Sampling rate for a 200 kHz signal

I'm using a rsp1 to sample the output of an underwater acoustic transducer which has a resonant frequency of 200 kHz (with a 500 Hz bandwidth) . The transmitted signal is a CW pulse which can vary from 0.1 ms to 5 ms.

I'm using the transducer fed into a balun I've made to correct for impedance matching. The transducer is 'listening' for the return signal from the transmitted pulse return (same as sonar, or the same concept as radar).

I want to be able to take a sample every approximate 1 cm of distance in the water, which (due to speed of sound in water) works out to be 75 kHz (so I'd either use 96 or 48 kHz due to soundcard output limits).

Am I correct to assume that I need to use the lowest bandwidth possible (200 Hz), tune the Centre frequency to 200 kHz, and set the output rate for the IQ data to either 48 or 96 kHz?

Or have I totally misunderstood the concept of the SDR?

Thanks for your replies and input. The RSP will be sampling at a very high rate, software is then used to digitally filter, mix (i.e. frequency down convert), demodulate (i.e. CW, FM) and provide frequency agility. The are a number of different transducers that can be connected to this device, each has a different frequency, but they all have very low bandwidth (typically 200-500hz). Frequencies are generally 28Khz, 38Khz, 50Khz, 75Khz, 100Khz, 120Khz, 200Khz.

Looking at the project from a time domain (like radar), I'd start sampling at the beginning of my High Voltage TX pulse (which is CW, 200Khz as an example), and capturing for a finite time (as an example 500ms). Until the cycle repeats. This allows me to capture any reflections (i.e. targets) from transmission to time X.

The output rate I'm referring to is the PROCESSED output rate after the RSP1 has been fed into an appropriate pcb like a RasPi, Beagle, PC etc. Cubic SDr software etc. offer IQ output, but only at rate applicable to sound cards i.e. 22K, 44K, 48K, 96K. The software cannot output at flexible or custom sampling rates.

If the signal is envelope detected, then the sampling rate only needs to be very low, as the signal is basically low frequency AF. But I'm not doing that, I'm sampling at high rate, digitally down converting, demodulating and hopefully outputting the demodulated IQ ADC samples.

I'll draw something up, hopefully it clears it up a bit. In the mean time here are some Oscilloscope samples of a TX pulse (approx 800vp-p) and the received signal of a target 2mtrs away in the water.

And to clarify, yes a 1ms sound pulse in water will be approx 1.5Mtr wavelength. 0.05ms gives you 7.5cm and so-on. So am i correct in saying if i am sampling every 13.333us (75Khz), that gives me a 2cm resolution?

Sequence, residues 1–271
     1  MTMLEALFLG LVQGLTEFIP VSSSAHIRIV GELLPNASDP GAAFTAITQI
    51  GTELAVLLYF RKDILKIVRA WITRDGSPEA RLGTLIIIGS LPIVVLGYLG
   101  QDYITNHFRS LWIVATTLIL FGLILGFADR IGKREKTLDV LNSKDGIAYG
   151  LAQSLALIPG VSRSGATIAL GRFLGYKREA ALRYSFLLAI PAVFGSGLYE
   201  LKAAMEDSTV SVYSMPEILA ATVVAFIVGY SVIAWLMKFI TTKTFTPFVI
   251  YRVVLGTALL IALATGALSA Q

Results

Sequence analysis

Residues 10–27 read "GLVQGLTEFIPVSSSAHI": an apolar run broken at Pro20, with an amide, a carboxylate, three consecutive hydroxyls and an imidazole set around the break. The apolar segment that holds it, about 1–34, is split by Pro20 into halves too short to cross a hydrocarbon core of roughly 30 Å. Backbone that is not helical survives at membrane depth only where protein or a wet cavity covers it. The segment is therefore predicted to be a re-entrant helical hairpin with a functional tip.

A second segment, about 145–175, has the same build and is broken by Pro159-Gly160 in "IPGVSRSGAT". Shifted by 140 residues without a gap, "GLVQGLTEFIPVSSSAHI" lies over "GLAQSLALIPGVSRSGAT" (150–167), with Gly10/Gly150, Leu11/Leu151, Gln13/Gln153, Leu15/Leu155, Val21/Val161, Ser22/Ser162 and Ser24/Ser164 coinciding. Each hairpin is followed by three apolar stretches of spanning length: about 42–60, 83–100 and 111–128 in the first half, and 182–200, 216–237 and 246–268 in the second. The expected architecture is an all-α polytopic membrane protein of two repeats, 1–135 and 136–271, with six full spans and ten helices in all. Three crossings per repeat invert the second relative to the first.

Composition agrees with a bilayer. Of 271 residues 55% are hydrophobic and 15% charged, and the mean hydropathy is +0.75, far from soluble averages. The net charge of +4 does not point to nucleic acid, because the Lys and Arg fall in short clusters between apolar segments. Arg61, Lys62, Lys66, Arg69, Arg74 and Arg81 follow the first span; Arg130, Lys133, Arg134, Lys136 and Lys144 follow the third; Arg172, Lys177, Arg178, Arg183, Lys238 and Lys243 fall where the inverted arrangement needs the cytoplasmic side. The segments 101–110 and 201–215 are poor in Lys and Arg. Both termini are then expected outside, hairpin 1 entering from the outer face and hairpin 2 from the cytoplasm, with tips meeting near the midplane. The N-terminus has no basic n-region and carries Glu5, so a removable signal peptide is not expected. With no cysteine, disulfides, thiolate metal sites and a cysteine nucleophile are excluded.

• Welcome to SE.SP! I'm a little confused by your 1cm --> 75kHz conversion. My understanding is that the speed of sound in water is about 1480 m/s, so you'd need to sample at 148000 samples per second to get a resolution of 1cm.
– Peter K.
May 30, 2022 at 13:58
• Hi Peter, you are correct. I mistakenly divided by two for round trip calculation... That should have read 2cm. Thanks Jun 1, 2022 at 12:29

I don't know the RSP1 well enough, but you probably can't set the output rate to something as low as 96 kHz (the data sheet suggests the sampling range is 2Msps to 10.66 Msps). That's not a problem, higher sampling rates will just represent the same signal with more sample points; the information content is the same and you can resample your received signal to your heart's delight in your PC.

Also, I'm not getting your 75 kHz of bandwidth argument: you say your transducer has a bandwidth of 500 Hz. So, that's the frequency range it can cover. Your transmitter hence only needs to change something in that bandwidth.

Your receiver gets a signal who has, seemingly, due to the physical setup, more useful bandwidth (I don't know what "sample every approx 1 cm" means, and I'm from a radar background!), 75 kHz you say. But: your soundcard has nothing to do with that. I also don't see where you have a 200 kHz signal! That only seems to be your transducer's resonant frequency, but you want to modulate that, so there's probably signal around 200 kHz. But then, 75 kHz makes even less sense.